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    Around the world in 500 years: Inter-regional spread of alien species over recent centuries
    (John Wiley & Sons Ltd., 2021) Seebens, Hanno; Blackburn, Tim M.; Hulme, Philip E.; Van Kleunen, Mark; Liebhold, Andrew M.; Orlova-Bienkowskaja, Marina; Pyšek, Petr; Schindler, Stefan; Essl, Franz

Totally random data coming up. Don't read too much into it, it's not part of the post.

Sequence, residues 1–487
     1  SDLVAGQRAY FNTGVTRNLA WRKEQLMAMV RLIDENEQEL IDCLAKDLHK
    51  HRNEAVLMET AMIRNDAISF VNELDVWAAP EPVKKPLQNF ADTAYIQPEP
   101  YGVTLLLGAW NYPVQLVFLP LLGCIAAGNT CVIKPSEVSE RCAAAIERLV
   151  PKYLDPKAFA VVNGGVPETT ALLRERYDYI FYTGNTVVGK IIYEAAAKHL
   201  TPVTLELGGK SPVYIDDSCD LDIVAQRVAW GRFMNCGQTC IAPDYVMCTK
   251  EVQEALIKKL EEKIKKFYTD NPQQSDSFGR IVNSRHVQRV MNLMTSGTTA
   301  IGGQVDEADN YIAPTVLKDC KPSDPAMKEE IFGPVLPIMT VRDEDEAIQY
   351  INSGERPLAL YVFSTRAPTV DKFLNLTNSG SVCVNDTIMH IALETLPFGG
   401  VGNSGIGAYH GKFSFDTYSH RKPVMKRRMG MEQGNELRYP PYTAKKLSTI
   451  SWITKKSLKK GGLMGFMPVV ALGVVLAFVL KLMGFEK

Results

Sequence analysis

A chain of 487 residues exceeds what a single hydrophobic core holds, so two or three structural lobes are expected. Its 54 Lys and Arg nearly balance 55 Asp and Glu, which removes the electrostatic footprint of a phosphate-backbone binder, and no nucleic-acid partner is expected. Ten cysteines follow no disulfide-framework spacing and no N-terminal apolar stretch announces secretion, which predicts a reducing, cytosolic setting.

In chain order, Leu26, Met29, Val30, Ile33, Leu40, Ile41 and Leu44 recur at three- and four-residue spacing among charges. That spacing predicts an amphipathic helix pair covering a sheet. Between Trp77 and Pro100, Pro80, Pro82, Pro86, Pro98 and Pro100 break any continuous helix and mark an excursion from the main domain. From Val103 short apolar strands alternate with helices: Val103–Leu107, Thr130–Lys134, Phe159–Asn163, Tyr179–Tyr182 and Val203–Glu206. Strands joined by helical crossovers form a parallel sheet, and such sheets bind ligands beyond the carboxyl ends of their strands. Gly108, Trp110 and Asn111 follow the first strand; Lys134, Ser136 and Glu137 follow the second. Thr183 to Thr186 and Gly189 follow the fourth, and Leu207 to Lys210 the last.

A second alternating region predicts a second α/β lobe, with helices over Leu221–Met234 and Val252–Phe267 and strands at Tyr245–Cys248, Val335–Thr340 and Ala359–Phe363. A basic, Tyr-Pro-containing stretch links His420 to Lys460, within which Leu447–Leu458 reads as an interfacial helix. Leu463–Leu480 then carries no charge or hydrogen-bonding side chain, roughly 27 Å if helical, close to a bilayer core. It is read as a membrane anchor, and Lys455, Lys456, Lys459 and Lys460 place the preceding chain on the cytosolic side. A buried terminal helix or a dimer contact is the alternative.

Aim: The number of alien species has been increasing for centuries world-wide, but temporal changes in the dynamics of their inter-regional spread remain unclear. Here, we analyse changes in the rate and extent of inter-regional spread of alien species over time and how these dynamics vary among major taxonomic groups. Location: Global. Time period: 1500–2010. Major taxa studied: Vascular plants, mammals, birds, fishes, arthropods and other invertebrates. Methods: Our analysis is based on the Alien Species First Record Database, which comprises >60,000 entries describing the year when an alien species was first recorded in a region (mostly countries and large islands) where it later established as an alien species. Based on the number and distribution of first records, we calculated metrics of spread between regions, which we termed “inter-regional spread”, and conducted statistical analyses to assess variations over time and across taxonomic groups. Results: Almost all (>90%) species introduced before 1700 are found in more than one region today. Inter-regional spread often took centuries and is ongoing for many species. The intensity of inter-regional spread increased over time, with particularly steep increases after 1800. Rates of spread peaked for plants in the late 19th century, for birds and invertebrates in the late 20th century, and remained largely constant for mammals and fishes. Inter-regional spread for individual species showed hump-shaped temporal patterns, with the highest rates of spread at intermediate alien range sizes. Approximately 50% of widespread species showed signs of declines in spread rates. Main conclusions: Our results show that, although rates of spread have declined for many widespread species, for entire taxonomic groups they have tended to increase continuously over time. The large numbers of alien species that are currently observed in only a single region are anticipated to be found in many other regions in the future.